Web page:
Wednesday, November 16, 2005

Tea-time memories.

Today, November 16 …

The first volume of Marcel Proust’s “Remembrance of Things Past” was published on this day in 1913. In his novel, the sudden fragrance of a small French cake called a madeleine dipped in lime-blossom tea, evokes the flood of memories on which the story is based. Proust knew instinctively what scientists have now proven: that the sense of smell is an enormously powerful trigger of memory.

It is probably the best known piece of gastronomic literary prose in the world, and so beautiful that it is almost impossible to read it without wanting to rush out and find some madeleines and linden (lime-blossom) tea to try to capture the experience for oneself. Alas, the association between memory and its triggers are far too personal, but in case you want to try anyway, the recipes follow.

A madeleine is simply an ordinary small cake, its only differentiation from any other being that it is baked in a shell-shaped mould, making it not ordinary at all, for this small difference makes this small cake special and elegant and romantic. The most famous are from Commercy in France, and Larousse gives a recipe:

Madeleine de Commercy.

Work together in a bowl 625 gm of fine sugar, 625 gm sieved cake flour; 12 eggs; 1 ½ tsp bicarbonate of soda; the grated rind of a lemon; a pinch of salt.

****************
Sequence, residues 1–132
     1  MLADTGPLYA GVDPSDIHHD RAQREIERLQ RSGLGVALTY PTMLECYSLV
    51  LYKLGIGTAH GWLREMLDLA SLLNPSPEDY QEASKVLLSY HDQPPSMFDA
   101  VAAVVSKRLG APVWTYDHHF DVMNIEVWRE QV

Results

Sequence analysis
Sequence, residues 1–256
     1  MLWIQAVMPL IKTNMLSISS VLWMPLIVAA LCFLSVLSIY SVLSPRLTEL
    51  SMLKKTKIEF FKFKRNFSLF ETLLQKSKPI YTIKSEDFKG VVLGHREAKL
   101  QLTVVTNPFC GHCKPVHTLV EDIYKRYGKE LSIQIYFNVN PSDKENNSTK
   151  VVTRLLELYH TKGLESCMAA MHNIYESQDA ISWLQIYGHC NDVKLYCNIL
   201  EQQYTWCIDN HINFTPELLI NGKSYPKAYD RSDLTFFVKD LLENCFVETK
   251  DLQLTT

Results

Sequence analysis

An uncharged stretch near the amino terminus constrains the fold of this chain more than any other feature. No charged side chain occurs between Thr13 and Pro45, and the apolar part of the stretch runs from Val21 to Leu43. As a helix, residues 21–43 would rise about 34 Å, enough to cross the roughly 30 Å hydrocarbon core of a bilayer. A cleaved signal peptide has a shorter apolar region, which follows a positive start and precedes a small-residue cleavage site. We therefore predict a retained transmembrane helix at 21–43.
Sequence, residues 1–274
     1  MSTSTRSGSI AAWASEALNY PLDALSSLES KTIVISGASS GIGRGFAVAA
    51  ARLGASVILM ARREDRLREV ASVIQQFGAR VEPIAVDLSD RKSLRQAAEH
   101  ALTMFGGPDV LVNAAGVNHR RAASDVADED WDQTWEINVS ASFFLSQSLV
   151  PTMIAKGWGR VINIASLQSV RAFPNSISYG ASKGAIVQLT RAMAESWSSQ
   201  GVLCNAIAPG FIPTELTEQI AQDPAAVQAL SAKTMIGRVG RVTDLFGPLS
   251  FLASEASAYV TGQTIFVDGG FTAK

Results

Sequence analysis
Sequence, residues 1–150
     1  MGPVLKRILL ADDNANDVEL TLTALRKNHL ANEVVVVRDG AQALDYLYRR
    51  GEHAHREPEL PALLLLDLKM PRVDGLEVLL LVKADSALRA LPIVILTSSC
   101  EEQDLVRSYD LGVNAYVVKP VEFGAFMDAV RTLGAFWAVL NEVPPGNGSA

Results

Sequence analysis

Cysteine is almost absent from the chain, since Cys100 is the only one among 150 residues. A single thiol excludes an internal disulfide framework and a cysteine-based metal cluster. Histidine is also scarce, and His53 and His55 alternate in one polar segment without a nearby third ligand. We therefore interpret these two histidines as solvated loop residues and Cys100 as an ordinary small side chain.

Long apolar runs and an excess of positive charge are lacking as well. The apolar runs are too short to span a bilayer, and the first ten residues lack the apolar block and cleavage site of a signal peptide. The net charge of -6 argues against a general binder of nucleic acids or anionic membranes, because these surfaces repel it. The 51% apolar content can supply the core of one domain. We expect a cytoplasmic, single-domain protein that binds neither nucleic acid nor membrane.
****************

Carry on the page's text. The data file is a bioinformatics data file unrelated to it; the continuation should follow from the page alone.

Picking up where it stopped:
When this mixture is very smooth, add to it 300 gm melted butter. Mix well.
Put this mixture in special buttered madeleine moulds. Bake in a very slow oven.

It probably does not seem necessary to give a recipe for tea, but Charles Elmé Francatelli (an Englishman in spite of his name), saw fit to include one in his “Cook’s Guide” (1867), and who am I to argue with the chef to Queen Victoria? Anyway, the medical advice at the end might come in handy if the memories you trigger in your experiment are scary ones.

Lime-Flower Tea.

To half an ounce of lime-flowers pour one pint of boiling water; allow the tea to stand for about ten minutes, pour it into a cup, sweeten with honey, and drink it perfectly hot.
This tea, from its antispasmodic quantities, is a safe remedy in cases of indigestion, and is also beneficial when administered for hysteria.

Tomorrow …The Clerical Gourmet.

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